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How to write shell script

Following steps are required to write shell script

  • (1) Use any editor like vi or mcedit to write shell script.
  • (2) After writing shell script set execute permission for your script as follows
  • chmod permission your-script-name
    Examples:
    $ chmod +x your-script-name
    $ chmod 755 your-script-name
    
  • (3) Execute your script as
  • chmod permission your-script-name
    syntax:
    bash your-script-name
    sh your-script-name
    ./your-script-name
    
    Examples:
    $ bash bar
    $ sh bar
    $ ./bar
    
  • In the last syntax ./ means current directory, But only . (dot) means execute given command file in current shell without starting the new copy of shell, The syntax for . (dot) command is as follows
  • chmod permission your-script-name
    Syntax:
    . command-name
    
    Example:
    $ . foo
    
  • Now you are ready to write first shell script that will print "Knowledge is Power" on screen.
  • chmod permission your-script-name
    $ vi first
    #
    # My first shell script
    #
    clear
    echo "Knowledge is Power"
    
  • After saving the above script, you can run the script as follows:
  • chmod permission your-script-name
    $ ./first
    
  • This will not run script since we have not set execute permission for our script first; to do this type command
  • chmod permission your-script-name
    $ chmod 755 first
    $ ./first
    
  • First screen will be clear, then Knowledge is Power is printed on screen.
Shell script command:
CommandDescription
Script Command(s)Meaning
$ vi firstStart vi editor
# # My first shell script #
# followed by any text is considered as comment. Comment gives more information about script, logical explanation about shell script. Syntax: # comment-text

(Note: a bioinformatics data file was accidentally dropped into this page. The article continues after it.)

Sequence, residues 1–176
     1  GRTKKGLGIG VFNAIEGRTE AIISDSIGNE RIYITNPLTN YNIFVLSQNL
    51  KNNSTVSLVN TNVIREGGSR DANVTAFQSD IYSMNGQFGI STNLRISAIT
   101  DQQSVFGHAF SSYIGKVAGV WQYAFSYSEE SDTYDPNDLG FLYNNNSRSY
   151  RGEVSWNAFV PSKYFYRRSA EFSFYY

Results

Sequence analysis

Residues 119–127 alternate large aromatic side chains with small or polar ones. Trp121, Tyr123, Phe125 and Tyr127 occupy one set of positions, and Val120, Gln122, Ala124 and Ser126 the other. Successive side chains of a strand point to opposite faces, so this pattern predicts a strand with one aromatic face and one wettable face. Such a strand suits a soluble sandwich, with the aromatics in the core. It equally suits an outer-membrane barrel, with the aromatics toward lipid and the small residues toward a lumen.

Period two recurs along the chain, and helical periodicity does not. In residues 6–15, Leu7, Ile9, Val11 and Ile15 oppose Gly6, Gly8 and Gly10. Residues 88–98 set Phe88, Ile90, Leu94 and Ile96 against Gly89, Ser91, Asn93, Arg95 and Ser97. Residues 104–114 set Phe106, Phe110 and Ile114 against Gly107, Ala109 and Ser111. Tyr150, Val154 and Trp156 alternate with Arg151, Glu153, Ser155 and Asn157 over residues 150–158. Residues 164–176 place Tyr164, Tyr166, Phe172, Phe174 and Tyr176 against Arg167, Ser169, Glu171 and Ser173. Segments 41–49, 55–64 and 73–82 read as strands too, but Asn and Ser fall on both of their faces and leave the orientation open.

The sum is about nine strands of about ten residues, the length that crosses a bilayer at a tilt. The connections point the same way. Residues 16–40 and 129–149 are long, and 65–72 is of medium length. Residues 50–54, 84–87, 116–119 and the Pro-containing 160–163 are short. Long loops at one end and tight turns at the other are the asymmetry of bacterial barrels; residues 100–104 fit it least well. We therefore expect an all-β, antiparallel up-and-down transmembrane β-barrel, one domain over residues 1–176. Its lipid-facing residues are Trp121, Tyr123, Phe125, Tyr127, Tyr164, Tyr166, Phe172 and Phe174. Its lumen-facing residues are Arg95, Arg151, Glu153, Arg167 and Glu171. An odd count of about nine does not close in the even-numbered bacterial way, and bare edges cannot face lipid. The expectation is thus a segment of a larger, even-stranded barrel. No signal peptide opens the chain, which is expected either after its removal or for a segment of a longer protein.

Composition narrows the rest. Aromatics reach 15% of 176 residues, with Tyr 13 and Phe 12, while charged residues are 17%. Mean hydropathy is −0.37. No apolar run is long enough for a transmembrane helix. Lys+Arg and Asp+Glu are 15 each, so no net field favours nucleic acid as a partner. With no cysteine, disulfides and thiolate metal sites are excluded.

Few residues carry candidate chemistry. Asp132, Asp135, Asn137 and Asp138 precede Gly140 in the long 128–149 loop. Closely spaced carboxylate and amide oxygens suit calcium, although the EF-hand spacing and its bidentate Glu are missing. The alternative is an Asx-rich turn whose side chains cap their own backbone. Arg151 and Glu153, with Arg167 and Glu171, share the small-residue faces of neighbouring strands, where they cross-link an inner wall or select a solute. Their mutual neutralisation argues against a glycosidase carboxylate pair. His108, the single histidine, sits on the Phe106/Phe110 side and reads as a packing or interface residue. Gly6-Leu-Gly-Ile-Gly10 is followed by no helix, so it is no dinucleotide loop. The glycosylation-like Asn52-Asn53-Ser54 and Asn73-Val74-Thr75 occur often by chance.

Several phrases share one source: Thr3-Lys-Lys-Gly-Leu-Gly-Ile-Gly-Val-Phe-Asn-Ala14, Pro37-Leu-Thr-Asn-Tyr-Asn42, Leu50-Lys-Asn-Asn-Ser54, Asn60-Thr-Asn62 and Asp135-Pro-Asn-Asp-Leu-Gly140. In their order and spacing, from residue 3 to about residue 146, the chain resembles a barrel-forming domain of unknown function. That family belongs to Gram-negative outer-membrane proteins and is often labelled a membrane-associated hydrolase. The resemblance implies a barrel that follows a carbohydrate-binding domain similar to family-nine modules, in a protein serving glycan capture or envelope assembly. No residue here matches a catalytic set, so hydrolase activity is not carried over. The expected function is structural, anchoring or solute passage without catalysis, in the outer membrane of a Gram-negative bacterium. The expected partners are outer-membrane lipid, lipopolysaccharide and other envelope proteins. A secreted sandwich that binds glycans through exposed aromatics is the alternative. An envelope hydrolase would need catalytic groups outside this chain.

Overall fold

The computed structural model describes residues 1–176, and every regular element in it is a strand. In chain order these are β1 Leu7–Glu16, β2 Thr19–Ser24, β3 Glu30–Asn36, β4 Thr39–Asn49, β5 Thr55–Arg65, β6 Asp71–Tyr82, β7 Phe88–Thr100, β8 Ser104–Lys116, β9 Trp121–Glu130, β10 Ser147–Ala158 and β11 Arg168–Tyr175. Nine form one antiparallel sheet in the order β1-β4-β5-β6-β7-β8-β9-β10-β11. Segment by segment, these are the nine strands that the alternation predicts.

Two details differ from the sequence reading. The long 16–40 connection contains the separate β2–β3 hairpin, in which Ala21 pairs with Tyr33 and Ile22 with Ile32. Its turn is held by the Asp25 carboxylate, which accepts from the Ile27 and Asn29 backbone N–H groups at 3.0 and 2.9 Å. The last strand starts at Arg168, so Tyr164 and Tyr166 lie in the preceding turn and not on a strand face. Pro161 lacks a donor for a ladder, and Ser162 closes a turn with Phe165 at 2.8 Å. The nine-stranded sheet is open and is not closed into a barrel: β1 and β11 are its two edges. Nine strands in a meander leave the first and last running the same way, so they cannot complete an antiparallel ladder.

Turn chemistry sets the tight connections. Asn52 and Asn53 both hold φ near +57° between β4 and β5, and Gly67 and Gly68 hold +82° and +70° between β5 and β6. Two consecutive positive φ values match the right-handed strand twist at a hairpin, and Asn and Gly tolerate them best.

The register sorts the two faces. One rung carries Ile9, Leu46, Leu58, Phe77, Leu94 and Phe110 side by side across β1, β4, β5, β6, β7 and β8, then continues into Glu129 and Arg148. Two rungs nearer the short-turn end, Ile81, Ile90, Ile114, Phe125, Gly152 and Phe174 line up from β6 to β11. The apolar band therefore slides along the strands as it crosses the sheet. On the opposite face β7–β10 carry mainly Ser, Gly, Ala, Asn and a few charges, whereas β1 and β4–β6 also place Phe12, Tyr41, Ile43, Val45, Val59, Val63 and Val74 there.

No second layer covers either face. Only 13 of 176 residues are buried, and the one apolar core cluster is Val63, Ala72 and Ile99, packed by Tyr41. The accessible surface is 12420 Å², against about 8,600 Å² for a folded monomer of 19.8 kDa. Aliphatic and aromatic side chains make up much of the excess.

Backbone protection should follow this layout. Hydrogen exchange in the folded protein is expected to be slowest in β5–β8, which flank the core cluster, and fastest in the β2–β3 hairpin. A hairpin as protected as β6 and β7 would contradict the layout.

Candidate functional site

clear clear the screen
echo "Knowledge is Power" To print message or value of variables on screen, we use echo command, general form of echo command is as follows syntax: echo "Message"

1)Write following shell script, save it, execute it and note down the it's output.

$ vi ginfo
#
#
# Script to print user information who currently login , current date & time
#
clear
echo "Hello $USER"
echo "Today is \c ";date
echo "Number of user login : \c" ; who | wc -l
echo "Calendar"
cal
exit 0

You can customize your command prompt using environment variable PS1 explained in Environment tutorial.

Shell Types:

In UNIX there are two major types of shells:

  1. The Bourne shell. If you are using a Bourne-type shell, the default prompt is the $ character.

  2. The C shell. If you are using a C-type shell, the default prompt is the % character.

There are again various subcategories for Bourne Shell which are listed as follows:

  • Bourne shell ( sh)

  • Korn shell ( ksh)

  • Bourne Again shell ( bash)

  • POSIX shell ( sh)

The different C-type shells follow:

  • C shell ( csh)

  • TENEX/TOPS C shell ( tcsh)

The original UNIX shell was written in the mid-1970s by Stephen R. Bourne while he was at AT&T Bell Labs in New Jersey.